In accordance with ABET requirements for depth and breadth in an engineering curriculum, the civil engineering senior design project at Columbia University was to design a three-story office building. This capstone design was an exercise in demonstrating four aspects of what we have learned as graduating civil engineering students: Structural, Geotechnical, Environmental, and Construction Management. The three-story office building will be constructed in a flat, suburban location in Asylum Township, Pennsylvania. The plan dimensions are 60\u27×90\u27 and the height of the building above ground is 28\u27. The building, made of structural steel, is framed by a steel braced frame. The concrete floor and roof slabs were designed compositely with supporting beams and for one-way behavior. The foundation is composed of individual column spread footings. Considerations were made for ease of construction, so each floor was designed to have as much uniformity in size as possible. My group and I referenced ASCE/SEI 7-10, Minimum Design Loads for Buildings and Other Structures, in order to find the general design requirements regarding building risk category, roof live load, wind speed and load, soil classification, and seismic design category and load. The soil classification was also determined from a subsurface boring log, provided by our professor. We performed structural analysis with SAP2000. We also designed our building to accommodate a green roof, atrium, and glass curtain wall. We considered LEED ratings and credits. We optimized regional credits, which are identified by US Green Building Council regional councils and chapters as having additional importance for the project’s region. In the 18848 zip code, which is where this building lies, water efficient landscaping, innovative wastewater technologies, and water use reduction are given specific emphasis. We also considered the importance of windows for natural light and views and various HVAC and materials options. We created a Gantt Chart, Critical Path Method diagram, and a Work Breakdown Schedule. Based on our Gantt Chart analysis, the project should take 243 days. With our construction management tools, we were able to provide a cost estimate and a bill of materials. We hope to carry the principles of socially responsible, sustainable, and innovative design into our careers and lives, and we found this project to be a meaningful culmination of our Civil Engineering education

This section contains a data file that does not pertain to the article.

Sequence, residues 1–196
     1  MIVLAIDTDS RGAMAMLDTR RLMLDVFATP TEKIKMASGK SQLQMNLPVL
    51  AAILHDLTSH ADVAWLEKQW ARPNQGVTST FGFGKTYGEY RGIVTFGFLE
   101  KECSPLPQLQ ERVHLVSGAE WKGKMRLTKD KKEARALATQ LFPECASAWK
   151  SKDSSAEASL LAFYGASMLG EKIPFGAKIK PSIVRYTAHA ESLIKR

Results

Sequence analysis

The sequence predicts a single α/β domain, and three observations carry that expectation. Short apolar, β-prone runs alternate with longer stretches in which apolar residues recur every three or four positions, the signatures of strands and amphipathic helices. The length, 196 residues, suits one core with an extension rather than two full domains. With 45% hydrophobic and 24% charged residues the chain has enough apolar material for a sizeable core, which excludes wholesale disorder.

Conference Proceedings: American Property in a Hazardous Global Economy

    Get PDF
    Proceedings of the Conference held at the National Press Club, Washington, DC

    aprH2013

    Get PDF
    From April 2013 Robert Kelly Archive
    Bard College is based in US
    Do you manage Bard College? Access insider analytics, issue reports and manage access to outputs from your repository in the CORE Dashboard!